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How would you bore this?

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cdhknives

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#1
I am working on a cone baffle for a 22lr suppressor. I have the form 1 completed and in hand, BTW. I want to keep the parts count down by making the cones with integral skirts but am having a heck of a time with boring that deep and small. Should I just make the cones and skirts separate and be done with it? I got these done but the 1/4" bore still needs to be reamed or bored, and boring it while still on the bar is better for concentricity. I just can't see how to get that deep, that precisely, to open a .025" hole to about .028" without using a very thin tool...which will flex/chatter/etc. I need 8 of the aluminum ones shown on the far right of the pic. The tube is 1" OD and the bore on the cone is 1/4" for reference.

 

mikey

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#2
Can you simplify what the job is? You need to go from 0.25" to 0.28" ID, right? How deep?

I suspect you're looking at a carbide bar, either solid or inserted. Solid bars can go small but small bars are limited in bore depth by their small shanks.

If this was me, I would use a Circle Machine CCBI187-4-5R carbide boring bar. Widia, who now owns Circle, has the equivalent bar. This bar has a 5 degree positive lead to reduce radial cutting forces. It also has flat-topped inserts (no chipbreaker) that have a positive axial rake to reduce tangential forces. This 3/16" bar can go nearly 2" deep and hold tight tolerances. With an insert with a 0.002" nose radius, it should cut accurately and without chatter with a depth of cut equal to or greater than the nose radius. I use this bar to bore 1/4" ID holes in steel, brass and aluminum and I know it will work well to depths of about 2".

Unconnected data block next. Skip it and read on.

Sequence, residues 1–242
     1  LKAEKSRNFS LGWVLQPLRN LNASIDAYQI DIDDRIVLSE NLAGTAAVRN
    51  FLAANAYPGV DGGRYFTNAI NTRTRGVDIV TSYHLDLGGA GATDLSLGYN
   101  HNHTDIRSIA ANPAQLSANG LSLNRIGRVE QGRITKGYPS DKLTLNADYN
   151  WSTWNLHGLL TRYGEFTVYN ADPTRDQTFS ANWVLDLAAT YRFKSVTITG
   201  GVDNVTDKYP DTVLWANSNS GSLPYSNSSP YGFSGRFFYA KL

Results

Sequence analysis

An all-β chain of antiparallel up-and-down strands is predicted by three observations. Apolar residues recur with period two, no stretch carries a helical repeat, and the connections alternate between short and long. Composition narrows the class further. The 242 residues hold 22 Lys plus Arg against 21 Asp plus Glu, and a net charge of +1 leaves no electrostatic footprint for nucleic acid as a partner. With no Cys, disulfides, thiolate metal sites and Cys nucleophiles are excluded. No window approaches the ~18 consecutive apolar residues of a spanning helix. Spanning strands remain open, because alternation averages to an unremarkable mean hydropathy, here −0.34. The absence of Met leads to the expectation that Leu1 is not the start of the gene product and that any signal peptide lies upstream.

cdhknives

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#3
I need to open the .25" drilled hole in the nose of the cones shown to .28" from the backside before I part them off the barstock to maintain best concentricity. The cones are about 1" long.

IOW , bore up a .25" hole to .28" an inch deep in 7075-T6 aluminum.

Since this is a one time job I would prefer to grind a tool if at all realistic. I have a very good 2x72 belt grinder but the depth vs tool diameter has me concerned. The tool you reference is almost $200...very steep for a hobbyist like me for a 1 off job.
 

cdhknives

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#5
That is much more doable. Good find. I spent 15 minutes earlier (don't tell my boss!) searching Amazon and MSC for something like this to no avail!:)
 

mikey

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#6
My Google-fu is mighty!
 

Karl_T

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#7
For the cheapskates, take an old two flute endmill and grind a flute clear off. makes a great small boring bar. For scale, this one started life as a 0.187 EM


one flute.jpg
 

Silverbullet

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#8
If you use 5C Collet to machine the parts you'll have no problem boring or reaming the holes. In fact you can turn them and bore from the small end. At least I would . Wasn't thinking do you have collets on your lathe . If not I guess a boring bars it if you don't like reaming at there cost it's a toss up .
 
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cdhknives

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#9